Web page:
adding cherry-filling to the pies

Add the cherry pie filling. I found that creating a mountain of ricotta with a valley in the middle for the cherries (a la mashed potatoes and gravy volcano) worked best.

putting heart pies together

Dip your finger in water (or butter) and run around the outside edge, then add the top piece and seal with a fork. It's okay if a little juice comes out, you can wipe it off before baking.

adding sprinkles

Rub a little water (or butter) on top so the sprinkles will stick. 

baking the heart hand pies

I baked the pies on 380º F for about 18 minutes. But that's just my oven and yours might be totally different. The best way is to keep an eye on them, and when the crust is cooked and turning golden brown around the outsides, take those babies out! When they're done, remove from the tray and allow to cool.

finished heart-shaped pies

And that's all there is to it! I managed to whip out about 15 hand pies within an hour. This tutorial also applies to pretty much any other simple cookie-cutter shape, and alternative fillings, and could be used for so much more than this holiday. They would make a nice birthday treat, mother's day delicacy, or accompaniment to finger sandwiches at a tea party. I highly recommend them. I gave some to Gu (so I suppose she could speak as to their quality without bias), and will take some to my man and my coworkers tomorrow! I hope you all have a very sweet Valentine's day, regardless of your plans, and definitely let me know how your pies turn out!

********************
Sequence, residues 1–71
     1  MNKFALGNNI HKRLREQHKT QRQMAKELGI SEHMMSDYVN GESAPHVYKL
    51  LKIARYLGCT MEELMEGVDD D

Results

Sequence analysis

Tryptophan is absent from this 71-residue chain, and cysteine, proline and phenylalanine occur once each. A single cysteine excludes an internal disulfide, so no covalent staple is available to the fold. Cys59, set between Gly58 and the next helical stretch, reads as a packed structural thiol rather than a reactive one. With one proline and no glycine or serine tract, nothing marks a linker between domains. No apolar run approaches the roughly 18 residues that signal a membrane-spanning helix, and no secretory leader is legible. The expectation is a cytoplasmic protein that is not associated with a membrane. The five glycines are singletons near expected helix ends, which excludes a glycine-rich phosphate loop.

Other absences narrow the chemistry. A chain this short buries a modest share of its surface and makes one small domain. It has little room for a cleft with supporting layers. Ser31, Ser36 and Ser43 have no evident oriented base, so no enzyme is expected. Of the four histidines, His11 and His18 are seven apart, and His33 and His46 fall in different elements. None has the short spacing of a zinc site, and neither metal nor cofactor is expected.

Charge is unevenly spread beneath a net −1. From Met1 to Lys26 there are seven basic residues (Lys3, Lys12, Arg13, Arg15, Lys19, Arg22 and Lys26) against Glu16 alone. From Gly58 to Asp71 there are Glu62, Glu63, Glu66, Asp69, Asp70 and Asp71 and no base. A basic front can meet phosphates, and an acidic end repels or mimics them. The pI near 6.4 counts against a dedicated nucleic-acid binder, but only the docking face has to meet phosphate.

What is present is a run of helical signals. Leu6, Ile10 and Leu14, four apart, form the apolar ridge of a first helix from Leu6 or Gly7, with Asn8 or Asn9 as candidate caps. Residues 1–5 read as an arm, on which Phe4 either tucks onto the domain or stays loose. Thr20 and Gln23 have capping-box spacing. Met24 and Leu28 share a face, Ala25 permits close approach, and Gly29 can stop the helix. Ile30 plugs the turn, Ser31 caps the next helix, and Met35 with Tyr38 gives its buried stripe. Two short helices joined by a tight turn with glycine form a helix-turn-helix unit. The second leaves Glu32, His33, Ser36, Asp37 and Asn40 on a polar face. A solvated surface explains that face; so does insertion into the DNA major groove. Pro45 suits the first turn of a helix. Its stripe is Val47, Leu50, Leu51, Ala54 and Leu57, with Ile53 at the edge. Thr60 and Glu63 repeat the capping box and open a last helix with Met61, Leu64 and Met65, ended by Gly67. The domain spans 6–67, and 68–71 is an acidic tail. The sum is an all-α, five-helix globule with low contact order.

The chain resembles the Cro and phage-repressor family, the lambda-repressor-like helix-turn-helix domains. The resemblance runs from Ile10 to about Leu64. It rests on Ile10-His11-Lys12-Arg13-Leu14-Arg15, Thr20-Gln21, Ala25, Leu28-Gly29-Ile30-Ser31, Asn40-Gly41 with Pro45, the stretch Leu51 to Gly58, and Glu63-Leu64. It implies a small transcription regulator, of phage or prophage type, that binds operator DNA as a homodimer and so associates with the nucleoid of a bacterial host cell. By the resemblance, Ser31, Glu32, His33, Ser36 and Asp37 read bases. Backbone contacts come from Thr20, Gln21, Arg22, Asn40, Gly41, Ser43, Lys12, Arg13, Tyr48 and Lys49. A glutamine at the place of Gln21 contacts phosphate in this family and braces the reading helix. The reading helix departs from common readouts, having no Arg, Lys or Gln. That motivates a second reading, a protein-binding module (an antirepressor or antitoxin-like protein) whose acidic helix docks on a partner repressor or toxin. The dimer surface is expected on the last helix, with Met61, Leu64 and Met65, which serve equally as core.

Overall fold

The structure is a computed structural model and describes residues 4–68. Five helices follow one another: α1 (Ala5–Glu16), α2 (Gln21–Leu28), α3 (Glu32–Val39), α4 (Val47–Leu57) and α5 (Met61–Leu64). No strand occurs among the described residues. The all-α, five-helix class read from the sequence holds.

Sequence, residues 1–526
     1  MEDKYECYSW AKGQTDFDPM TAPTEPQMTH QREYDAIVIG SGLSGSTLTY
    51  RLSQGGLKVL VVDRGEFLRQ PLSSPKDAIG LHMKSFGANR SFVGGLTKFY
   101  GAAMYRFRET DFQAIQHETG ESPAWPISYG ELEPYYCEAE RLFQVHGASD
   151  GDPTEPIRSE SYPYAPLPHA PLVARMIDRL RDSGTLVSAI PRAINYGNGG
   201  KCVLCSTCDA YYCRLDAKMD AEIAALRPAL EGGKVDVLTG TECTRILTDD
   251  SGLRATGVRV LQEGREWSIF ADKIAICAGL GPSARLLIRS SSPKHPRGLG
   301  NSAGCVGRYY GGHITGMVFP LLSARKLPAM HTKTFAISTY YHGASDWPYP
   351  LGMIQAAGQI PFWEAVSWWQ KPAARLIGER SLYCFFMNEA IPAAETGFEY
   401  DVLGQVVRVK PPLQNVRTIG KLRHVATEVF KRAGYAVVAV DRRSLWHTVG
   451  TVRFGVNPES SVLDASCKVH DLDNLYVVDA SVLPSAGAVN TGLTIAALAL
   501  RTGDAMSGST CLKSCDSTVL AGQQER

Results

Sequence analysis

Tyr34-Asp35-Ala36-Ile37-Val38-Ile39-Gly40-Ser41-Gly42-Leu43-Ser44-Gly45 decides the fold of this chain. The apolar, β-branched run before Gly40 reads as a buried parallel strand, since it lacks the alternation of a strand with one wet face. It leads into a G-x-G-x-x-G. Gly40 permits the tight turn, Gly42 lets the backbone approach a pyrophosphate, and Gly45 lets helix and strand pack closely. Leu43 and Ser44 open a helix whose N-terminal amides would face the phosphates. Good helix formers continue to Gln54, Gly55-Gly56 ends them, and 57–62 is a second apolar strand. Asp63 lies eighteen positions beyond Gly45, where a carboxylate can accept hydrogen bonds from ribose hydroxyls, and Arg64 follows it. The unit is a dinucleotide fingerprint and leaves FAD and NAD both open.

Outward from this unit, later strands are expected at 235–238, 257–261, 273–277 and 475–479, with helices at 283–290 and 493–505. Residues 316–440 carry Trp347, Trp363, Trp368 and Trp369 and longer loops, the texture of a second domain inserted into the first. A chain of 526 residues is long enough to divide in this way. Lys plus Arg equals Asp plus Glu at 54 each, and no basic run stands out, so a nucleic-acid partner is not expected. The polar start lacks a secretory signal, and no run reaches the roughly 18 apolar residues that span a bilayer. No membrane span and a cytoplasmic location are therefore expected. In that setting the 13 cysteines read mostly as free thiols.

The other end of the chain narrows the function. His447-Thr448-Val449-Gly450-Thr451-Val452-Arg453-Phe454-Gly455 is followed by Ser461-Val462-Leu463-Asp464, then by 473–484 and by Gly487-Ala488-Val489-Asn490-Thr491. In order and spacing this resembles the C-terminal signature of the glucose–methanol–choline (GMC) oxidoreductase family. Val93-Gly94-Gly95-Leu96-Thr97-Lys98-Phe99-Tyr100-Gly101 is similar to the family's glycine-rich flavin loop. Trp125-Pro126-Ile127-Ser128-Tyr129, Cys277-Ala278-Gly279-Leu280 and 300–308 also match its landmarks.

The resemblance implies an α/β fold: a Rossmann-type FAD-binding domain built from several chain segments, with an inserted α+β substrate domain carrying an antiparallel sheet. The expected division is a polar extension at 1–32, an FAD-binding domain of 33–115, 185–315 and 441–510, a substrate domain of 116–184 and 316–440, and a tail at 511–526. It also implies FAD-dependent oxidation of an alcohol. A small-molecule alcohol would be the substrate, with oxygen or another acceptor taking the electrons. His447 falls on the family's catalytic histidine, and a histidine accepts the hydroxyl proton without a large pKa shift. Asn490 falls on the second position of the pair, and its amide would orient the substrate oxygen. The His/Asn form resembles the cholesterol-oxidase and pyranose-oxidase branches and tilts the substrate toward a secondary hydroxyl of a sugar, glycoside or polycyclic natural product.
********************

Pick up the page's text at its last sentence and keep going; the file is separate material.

You make loving fun,

Sunday, February 9, 2014

Sunday Night Zen

Some very very sound advice the Gu dug up on the ol' interwebs...

Bis Morgen Scouts!

Eggplant Pizzas (Pinterest Win!) | Fat and Happy

Greetings Lush Scouts! I don't know if you've heard, but I'm quite a pinner, and I actually find the majority of new recipes in my life on Pinterest. I have yet to have what they call a 'Pinterest Fail'. Maybe I'm just not motivated enough to try things that look difficult.  But the recipe below came directly from this pin (which lead me here)and into my kitchen. It's simple, delish, and not-too-bad-for-you: basically English muffin pizzas for grown-ups!

The ingredients list is crazy simple:
An Eggplant (not a shrimpy one, not a giant, just average)
Tomato Sauce (lucky for you, I posted a simple recipe last week!)
Olive Oil (it's a given right?)
Italian Seasoning (or whatever you have available)
Pizza Toppings (the hardest part, I know, but I went with fresh mozz, olives, and salami)

sliced eggplant

First, you want to slice the eggplant. The recipe I was following said to go with 3/4 inch slices. I, however, didn't have a ruler, so I just followed my heart. Here comes the weird thing with eggplant: you have to draw some of the water out before cooking with it. So you then salt both sides of the eggplant and put them on a paper towel. Leave them for 30 minutes to an hour, and then wipe the excess moisture and salt off with the paper towel.